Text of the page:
Author Archives: Bessie Wiza

While the rest of the world is trying to com to grips with the European Union’s proposed carbon border adjustment mechanism (CBAM) – which calls for the levying of charges on non-E.U. products in relation to their embedded carbon footprint — China, on the other hand, is currently grappling with a slightly different energy-related issue.

A massive heat wave in some parts of the country coupled with a shortage of coal because of China’s spat with chief supplier Australia has sent coal prices soaring.

Want more from MetalMiner? We offer exclusive analyst commentary in our weekly updates – all metals, no sales fluff. Sign up here.

China to ramp up coal production

coal pile

ShiningBlack/Adobe Stock

Now, China, the world’s biggest consumer of coal, plans to add almost 110 million tons (MT) per year of advanced production capacity in the second half of this year to meet the rising demand of coal.

This Economic Times reported China’s National Development and Reform Commission (NDRC) said that around 400 MT of coal mining capacity is under review for the government’s approval. Another 70 MT capacity is also under construction, and would be launched in a phased manner.

What’s more, China’s state planner has asked power plants to build their coal inventory to the equivalent of at least seven days of consumption by July 21. News agency Reuters said the Chinese government was trying its best to ensure electric supply to the coal-fired plants amid surging power consumption from industrial and residential users.

In the first half of 2021, China has already added over 140 MT of coal mining capacity.

Eleven provinces registered record-breaking power load a few days ago, the Economic Times reported, as the heat wave led to higher use of electricity. In the first six months of 2021, power consumption rose by 16% from a year earlier, the report added.

Old coal

While simultaneously augmenting coal capacity, the NDRC has come down on outdated coal capacity. Where once there were 10,000 coal mines in China in 2015, now there are about 5,000. The NDRC has been urging coal miners to set up advanced mining capacity and ramp up output.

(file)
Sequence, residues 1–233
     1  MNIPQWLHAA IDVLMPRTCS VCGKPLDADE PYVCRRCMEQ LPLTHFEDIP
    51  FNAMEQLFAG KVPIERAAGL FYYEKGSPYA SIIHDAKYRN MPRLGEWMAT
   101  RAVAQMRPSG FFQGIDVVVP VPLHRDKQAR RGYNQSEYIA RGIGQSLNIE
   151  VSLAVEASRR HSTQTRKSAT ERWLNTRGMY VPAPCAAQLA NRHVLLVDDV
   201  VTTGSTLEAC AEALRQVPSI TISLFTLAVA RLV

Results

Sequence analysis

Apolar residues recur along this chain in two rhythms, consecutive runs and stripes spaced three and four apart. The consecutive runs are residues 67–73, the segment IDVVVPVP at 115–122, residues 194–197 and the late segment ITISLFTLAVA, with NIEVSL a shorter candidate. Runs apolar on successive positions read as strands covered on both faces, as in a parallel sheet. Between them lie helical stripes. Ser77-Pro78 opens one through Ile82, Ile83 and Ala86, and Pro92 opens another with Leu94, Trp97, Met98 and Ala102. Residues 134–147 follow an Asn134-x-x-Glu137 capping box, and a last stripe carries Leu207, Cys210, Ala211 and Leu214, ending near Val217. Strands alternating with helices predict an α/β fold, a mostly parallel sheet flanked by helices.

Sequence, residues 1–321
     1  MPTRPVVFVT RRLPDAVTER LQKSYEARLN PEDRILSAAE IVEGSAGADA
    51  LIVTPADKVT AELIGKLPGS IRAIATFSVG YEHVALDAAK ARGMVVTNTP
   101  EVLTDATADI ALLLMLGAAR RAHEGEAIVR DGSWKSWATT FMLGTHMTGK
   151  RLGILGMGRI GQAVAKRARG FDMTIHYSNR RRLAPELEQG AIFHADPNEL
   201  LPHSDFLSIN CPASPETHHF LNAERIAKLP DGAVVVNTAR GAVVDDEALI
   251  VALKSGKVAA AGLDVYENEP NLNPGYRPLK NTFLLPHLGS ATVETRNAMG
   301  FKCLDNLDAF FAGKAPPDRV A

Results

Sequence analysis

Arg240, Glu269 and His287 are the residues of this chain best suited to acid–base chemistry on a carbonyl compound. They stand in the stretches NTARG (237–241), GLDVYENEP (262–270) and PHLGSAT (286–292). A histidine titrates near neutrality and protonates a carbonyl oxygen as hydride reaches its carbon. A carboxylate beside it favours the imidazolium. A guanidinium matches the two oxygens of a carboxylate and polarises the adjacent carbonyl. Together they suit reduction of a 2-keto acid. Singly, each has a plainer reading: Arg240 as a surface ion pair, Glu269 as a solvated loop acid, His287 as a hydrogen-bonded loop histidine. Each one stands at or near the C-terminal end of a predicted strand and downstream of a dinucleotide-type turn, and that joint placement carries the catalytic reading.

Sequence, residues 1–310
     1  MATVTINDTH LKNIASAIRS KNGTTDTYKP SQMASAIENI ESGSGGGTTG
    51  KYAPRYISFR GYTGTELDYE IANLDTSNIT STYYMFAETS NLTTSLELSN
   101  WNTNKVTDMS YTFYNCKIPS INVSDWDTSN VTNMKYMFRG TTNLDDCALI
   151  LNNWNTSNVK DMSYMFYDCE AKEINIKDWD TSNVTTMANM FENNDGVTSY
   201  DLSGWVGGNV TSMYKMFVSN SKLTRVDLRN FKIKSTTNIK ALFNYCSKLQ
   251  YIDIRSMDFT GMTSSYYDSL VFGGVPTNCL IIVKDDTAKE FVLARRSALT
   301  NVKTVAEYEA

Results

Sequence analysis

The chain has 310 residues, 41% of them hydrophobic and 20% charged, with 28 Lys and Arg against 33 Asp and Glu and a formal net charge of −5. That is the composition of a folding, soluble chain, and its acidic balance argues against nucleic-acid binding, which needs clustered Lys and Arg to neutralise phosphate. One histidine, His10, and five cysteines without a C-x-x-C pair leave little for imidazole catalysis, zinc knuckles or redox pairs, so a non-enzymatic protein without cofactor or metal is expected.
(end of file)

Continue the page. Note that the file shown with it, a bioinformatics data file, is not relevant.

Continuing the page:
China’s average daily coal consumption has gone up to over 2.2 MT at key power plants in at least eight provinces in China as of July 15, Reuters reported.

Meanwhile, the South China Morning Post quoted the NDRC, which said China will release over 10 MT of coal from its state reserves.

Each month, MetalMiner hosts a webinar on a specific metals topic. Explore the upcoming webinars and sign up for each on the MetalMiner Events page.

China’s efforts to curb carbon emissions from the steel manufacturing process have slowed down its steel production.

But only to a degree.

However, a new report now shows that almost all the major steel mills in its steelmaking hub, Tangshan in Hebei province are back online.

A report by industry portal mysteel.com, citing its field survey, said the furnaces were firing again — albeit at 70% — according to this news report.

See why technical analysis is a superior forecasting methodology over fundamental analysis and why it matters for your steel buy.

Tangshan steel mills come back online

Tangshan steel plant

junrong/Adobe Stock

In fact, Tangshan’s mills contribute about 14% of China’s raw steel output. Furnaces are running at a lower rate because of China’s stringent new emission standards. Only those mills meeting these conditions are going full blast, according to the news report.

China remains the world’s No. 1 steel producer with over 1 billion tons of crude steel production. However, Beijing has been trying to cut greenhouse gas emissions to meet the country’s pledge to bring its emissions to a peak before 2030.

In the first five months of this year, the country’s crude steel output reached 473.1 million tons, the World Steel Association reported. The five-month output total marked an increase of 13.9% year over year.

Read more

India’s steel story continues to grow in 2021. New plants are being commissioned and major steel companies are reporting growth in production, too.

India’s leading producer, Tata Steel, for example, has reported in the current quarter of fiscal year 2022, production of 4.62 million tons against 2.99 million in the same period last year.

Are you prepared for your annual steel contract negotiations? Be sure to check out our five best practices.